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Fetal development is affected by intrinsic (genetic) and environmental (intrauterine) factors. Studies at the molecular level as well as at the epidemiologic level are helpful in determining possible etiologies of diseases that affect not only the developing fetus but also the growing and adult human organism. Complex diseases once thought to be mainly “adult” in onset, such as hypertension and cardiac disease, have recently been linked to low birth weight, suggesting an intriguing “adaptation” of the fetus to a hostile or suboptimal metabolic environment. Genetic diseases, present from conception, may not be apparent at birth, childhood, or even middle age. Although this chapter will focus on specific maternal diseases that are known to affect fetal growth and development, a vast array of genetic programming and metabolic factors are known to influence normal and abnormal fetal development.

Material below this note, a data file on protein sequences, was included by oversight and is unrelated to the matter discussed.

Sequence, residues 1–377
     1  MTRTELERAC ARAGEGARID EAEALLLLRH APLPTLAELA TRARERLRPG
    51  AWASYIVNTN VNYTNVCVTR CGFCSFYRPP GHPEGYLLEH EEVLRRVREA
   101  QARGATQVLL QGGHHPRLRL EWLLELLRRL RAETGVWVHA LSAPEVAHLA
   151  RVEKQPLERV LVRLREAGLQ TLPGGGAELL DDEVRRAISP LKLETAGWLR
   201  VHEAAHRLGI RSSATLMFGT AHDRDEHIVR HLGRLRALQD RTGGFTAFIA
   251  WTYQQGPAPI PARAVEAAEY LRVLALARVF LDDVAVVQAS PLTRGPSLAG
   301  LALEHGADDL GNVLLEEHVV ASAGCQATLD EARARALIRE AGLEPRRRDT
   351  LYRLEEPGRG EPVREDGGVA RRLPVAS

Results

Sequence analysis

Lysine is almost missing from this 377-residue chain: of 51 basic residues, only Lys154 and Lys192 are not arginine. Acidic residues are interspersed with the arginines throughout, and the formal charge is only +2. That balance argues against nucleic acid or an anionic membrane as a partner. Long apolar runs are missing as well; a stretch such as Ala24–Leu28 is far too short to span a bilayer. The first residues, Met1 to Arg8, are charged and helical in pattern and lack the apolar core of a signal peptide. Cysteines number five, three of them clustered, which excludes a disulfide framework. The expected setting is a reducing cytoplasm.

Certain maternal systemic diseases affect multiple organ systems in the fetus. The most common endocrine disease in the female reproductive age group is diabetes mellitus: type 1, type 2, and gestational diabetes. From glucose-induced embryo toxicity to cardiac hypertrophy of the newborn, the hyperglycemia (and other metabolic derangements) of uncontrolled diabetes causes wide-ranging birth defects and multiple metabolic abnormalities in the newborn. Likewise, thyroid disease and other maternal endocrine disorders may have an untoward effect on the fetus. Neurological diseases of the mother may have an adverse effect on the development of the fetal nervous system.
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